A committee of experts on nonprofit governance and management today issued guidelines designed to help nonprofit groups avoid ethical and legal improprieties.
The report, issued by a committee appointed by Independent Sector, sets forth 33 principles that charities and foundations can use as benchmarks to evaluate their policies for insuring they comply with the law and are monitoring their finances closely. In addition, the guidelines focus on how charities can be certain they are disclosing relevant information to the public, governing their organizations effectively, and conducting ethical fund-raising efforts.
A draft proposal circulated last winter elicited hundreds of comments that Independent Sector, a Washington coalition of approximately 600 charities and foundations, says helped shape the final set of principles, along with studies of more than 50 “self-regulatory systems” used by both nonprofit and for-profit groups.
The draft proposal comprised 29 principles; after reviewing the suggestions it received, the panel added two new principles that deal with codes of ethics and how to manage potential legal risks to the organizations.
The panel added extra weight to its recommendations that charitable groups not pay travel expenses for spouses and others not conducting business and that boards set clear guidelines as to the length of board terms and the number of consecutive terms a member can serve.
Other topics include protection for whistleblowers, board compensation and diversity, loans to board members and executives, “donor intent,” solicitation materials, and the need for policies that can help a group “determine whether accepting a gift would compromise its ethics, financial circumstances, program focus, or other interests.”
In general, the authors of the report say that “self-regulation begins with good governance,” and that the principles are directed primarily — but not exclusively — at board members and chief executive officers. The onus is on the governing board to ensure that an organization “lives up to its legal and ethical obligations to its donors, consumers, and the public,” says the report.
To critics who questioned how a “one size fits all” approach could meet the needs of the vast array of American nonprofit groups, the report says that the principles should be clear and practical enough to suit a wide variety of organizations, yet flexible enough to allow each group’s board and chief executive “to adapt them to the dictates of that organization’s scope and mission.”
Response to Senate
Independent Sector created the Panel on the Nonprofit Sector in October 2004 at the request of the Senate Finance Committee. The panel, which comprises the leaders of 24 major foundations and charities, advised lawmakers as they forged a package of laws, passed last summer, intended to strengthen the accountability and governance of charitable organizations.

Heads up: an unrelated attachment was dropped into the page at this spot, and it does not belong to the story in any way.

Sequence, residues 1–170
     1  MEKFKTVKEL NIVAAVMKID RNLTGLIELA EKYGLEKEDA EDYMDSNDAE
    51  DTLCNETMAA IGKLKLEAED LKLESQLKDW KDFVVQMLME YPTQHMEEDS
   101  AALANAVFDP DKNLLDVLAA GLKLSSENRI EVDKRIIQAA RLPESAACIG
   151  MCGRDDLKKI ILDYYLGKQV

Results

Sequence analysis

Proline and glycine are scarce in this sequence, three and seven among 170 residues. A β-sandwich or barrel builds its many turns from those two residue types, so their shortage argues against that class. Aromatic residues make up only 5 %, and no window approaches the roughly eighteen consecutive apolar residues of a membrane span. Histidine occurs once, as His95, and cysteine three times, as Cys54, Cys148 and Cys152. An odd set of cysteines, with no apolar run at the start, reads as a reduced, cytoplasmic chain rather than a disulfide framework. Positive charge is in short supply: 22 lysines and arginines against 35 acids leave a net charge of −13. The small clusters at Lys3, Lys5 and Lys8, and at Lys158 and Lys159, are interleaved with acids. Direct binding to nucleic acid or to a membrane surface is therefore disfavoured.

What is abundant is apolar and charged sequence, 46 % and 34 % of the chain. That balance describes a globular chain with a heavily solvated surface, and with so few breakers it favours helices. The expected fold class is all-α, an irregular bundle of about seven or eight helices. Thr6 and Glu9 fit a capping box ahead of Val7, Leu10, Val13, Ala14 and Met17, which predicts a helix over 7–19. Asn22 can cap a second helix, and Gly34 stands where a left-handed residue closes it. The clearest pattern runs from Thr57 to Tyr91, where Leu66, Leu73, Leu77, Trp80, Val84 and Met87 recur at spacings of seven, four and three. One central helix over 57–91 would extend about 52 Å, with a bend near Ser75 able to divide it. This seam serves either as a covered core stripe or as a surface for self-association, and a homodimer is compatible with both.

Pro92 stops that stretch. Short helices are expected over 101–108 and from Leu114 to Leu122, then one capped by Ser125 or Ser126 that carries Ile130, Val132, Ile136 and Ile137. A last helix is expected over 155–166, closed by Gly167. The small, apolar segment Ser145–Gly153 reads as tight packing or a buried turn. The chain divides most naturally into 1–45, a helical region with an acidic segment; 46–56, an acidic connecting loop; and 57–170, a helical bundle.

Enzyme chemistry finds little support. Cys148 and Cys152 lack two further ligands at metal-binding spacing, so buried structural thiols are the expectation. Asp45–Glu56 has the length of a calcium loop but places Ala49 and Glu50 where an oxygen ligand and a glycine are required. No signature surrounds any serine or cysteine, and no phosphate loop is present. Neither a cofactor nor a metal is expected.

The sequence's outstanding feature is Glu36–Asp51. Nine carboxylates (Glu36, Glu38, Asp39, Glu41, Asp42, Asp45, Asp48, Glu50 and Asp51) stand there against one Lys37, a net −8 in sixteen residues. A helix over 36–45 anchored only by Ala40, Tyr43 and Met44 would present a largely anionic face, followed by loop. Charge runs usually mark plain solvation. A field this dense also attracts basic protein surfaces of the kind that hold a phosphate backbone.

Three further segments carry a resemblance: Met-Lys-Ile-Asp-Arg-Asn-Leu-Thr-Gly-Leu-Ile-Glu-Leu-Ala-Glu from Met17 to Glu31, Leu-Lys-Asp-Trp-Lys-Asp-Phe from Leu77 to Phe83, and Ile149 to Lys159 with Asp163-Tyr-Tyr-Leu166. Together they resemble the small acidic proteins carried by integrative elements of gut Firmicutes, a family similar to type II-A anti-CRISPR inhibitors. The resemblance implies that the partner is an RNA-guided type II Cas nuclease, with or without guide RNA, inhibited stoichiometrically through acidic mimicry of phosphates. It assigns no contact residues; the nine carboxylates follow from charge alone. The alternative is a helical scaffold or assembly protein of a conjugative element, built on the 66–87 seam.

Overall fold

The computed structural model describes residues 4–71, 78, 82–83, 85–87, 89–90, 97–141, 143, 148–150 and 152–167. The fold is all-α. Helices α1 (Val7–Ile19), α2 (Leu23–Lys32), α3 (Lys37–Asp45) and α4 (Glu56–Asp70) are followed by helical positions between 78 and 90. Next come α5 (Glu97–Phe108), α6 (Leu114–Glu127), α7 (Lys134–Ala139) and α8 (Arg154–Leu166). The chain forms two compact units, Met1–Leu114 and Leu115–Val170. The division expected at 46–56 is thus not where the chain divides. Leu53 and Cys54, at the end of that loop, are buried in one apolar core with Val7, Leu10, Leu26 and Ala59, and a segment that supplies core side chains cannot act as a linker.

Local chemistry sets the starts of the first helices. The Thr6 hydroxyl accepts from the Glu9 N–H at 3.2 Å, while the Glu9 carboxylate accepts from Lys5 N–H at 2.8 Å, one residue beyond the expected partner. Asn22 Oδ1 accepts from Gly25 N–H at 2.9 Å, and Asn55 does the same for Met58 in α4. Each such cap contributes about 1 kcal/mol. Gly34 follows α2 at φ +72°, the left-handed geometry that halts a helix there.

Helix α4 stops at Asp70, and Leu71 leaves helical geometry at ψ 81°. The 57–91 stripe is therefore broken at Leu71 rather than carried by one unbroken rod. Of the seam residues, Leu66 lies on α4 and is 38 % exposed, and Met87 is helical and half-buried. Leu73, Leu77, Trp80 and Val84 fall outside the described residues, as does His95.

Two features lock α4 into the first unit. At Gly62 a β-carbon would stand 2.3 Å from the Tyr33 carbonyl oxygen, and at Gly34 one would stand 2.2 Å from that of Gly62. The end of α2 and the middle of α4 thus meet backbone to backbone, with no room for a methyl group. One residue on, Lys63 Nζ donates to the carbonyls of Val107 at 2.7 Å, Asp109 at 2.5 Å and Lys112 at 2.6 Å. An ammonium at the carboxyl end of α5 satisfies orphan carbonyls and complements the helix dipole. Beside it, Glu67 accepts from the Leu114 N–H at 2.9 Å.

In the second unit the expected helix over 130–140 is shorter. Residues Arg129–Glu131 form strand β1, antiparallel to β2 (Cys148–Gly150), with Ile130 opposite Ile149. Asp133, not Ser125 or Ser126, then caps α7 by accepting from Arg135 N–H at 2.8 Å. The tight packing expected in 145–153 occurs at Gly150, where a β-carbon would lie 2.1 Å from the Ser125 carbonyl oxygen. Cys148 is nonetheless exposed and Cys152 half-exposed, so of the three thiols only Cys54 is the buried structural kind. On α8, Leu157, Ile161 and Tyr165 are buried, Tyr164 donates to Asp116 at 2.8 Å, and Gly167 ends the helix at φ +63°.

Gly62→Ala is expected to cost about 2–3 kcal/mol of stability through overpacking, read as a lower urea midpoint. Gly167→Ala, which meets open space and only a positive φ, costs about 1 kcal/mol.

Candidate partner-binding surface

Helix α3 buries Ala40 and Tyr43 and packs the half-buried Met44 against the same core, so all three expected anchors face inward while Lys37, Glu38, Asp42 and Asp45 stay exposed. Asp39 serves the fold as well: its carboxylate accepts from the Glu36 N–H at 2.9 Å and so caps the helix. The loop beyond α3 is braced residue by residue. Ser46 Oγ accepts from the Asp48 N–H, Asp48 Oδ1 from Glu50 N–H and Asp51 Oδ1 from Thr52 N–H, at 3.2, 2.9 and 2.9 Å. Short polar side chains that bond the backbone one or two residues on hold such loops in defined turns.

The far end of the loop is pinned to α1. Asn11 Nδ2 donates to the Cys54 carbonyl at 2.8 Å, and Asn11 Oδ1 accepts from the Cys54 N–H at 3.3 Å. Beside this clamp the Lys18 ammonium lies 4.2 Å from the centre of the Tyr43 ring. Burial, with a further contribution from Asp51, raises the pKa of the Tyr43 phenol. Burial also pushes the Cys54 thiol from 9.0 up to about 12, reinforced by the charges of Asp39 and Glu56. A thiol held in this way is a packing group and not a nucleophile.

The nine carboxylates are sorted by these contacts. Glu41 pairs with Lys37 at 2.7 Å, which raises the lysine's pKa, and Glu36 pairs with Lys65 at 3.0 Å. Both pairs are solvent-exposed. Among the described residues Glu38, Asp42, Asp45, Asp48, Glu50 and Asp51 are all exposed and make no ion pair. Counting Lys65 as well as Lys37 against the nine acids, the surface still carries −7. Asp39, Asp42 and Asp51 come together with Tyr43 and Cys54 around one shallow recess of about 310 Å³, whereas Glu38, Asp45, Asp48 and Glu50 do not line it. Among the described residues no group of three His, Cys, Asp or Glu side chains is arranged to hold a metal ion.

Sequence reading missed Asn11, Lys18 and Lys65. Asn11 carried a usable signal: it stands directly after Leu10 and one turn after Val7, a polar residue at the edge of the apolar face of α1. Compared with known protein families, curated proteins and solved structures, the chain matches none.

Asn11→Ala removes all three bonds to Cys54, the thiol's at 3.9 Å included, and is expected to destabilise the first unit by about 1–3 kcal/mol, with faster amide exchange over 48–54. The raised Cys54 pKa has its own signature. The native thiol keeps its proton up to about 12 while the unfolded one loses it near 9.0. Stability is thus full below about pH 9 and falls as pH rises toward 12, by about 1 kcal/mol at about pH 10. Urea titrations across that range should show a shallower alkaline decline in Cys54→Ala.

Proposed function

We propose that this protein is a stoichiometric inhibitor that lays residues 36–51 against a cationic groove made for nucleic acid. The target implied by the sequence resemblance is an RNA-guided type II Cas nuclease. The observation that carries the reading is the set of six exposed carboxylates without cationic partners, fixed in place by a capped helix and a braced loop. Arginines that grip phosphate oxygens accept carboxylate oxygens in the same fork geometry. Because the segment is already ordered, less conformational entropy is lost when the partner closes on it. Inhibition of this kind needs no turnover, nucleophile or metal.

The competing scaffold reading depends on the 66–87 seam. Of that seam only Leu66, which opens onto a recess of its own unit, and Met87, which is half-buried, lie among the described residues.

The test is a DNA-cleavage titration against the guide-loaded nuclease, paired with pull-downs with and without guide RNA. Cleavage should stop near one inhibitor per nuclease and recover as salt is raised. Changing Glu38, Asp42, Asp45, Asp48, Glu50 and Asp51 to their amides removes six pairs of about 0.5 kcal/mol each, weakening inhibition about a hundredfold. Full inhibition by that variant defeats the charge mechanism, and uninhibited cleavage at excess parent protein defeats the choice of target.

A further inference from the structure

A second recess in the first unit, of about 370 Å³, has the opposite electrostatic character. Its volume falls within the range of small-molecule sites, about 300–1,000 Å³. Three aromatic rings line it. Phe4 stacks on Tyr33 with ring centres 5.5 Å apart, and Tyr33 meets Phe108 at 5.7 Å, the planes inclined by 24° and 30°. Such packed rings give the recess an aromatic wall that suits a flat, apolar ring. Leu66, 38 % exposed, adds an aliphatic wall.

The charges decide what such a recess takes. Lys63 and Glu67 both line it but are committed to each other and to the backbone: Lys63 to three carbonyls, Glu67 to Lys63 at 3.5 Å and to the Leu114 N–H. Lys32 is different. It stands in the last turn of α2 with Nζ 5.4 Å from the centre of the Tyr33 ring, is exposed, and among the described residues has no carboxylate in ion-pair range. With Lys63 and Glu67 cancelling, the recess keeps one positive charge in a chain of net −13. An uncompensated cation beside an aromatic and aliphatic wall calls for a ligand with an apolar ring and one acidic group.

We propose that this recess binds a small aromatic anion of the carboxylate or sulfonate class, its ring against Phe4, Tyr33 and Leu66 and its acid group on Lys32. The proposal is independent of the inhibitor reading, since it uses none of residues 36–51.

The panel then turned its attention to ways through which nonprofit groups could police their own actions. In spring 2006 it created a 34-member advisory committee on self-regulation led by Joel L. Fleishman, professor of public policy studies and law at Duke University, and Rebecca W. Rimel, president of the Pew Charitable Trusts, in Philadelphia.
Over the past 18 months, the advisory committee analyzed charity laws, accreditation policies, association guidelines, and other examples of self-regulatory activity to come up with the set of guidelines.
The process was at times contentious, with some groups saying that the windows of opportunity to comment on the draft proposal were too short. Moreover, some observers felt that certain recommendations were too lenient, while others felt the standards should be more stringent.
And some nonprofit officials at the National Committee for Responsive Philanthropy and elsewhere questioned whether self-regulation was the best way to make organizations more accountable, as well as how the principles could be enforced. They suggested that the emphasis should be on shoring up existing legislation and regulations.
The panel takes on these criticisms in the report’s introduction, asserting that “the best bulwark against misconduct will always be a well-informed vigilance by members of the nonprofit community themselves.”
The introduction also says that while some government regulation will always be necessary, “too heavy a regulatory hand, or too uniform and inflexible a set of legal restraints, could stifle the very creativity and variety that makes nonprofit activity worth protecting and encouraging.”
More than 90 private foundations, community foundations, corporate-giving programs, and nonprofit groups have made grants of $3.5-million total to support the panel’s work.
A “reference edition” of the report, “Principles for Good Governance and Ethical Practice: A Guide for Charities and Foundations,” is available for download. It provides background materials on each principle, including detailed footnotes, a glossary of terms, summaries of two studies commissioned by the panel, and other information.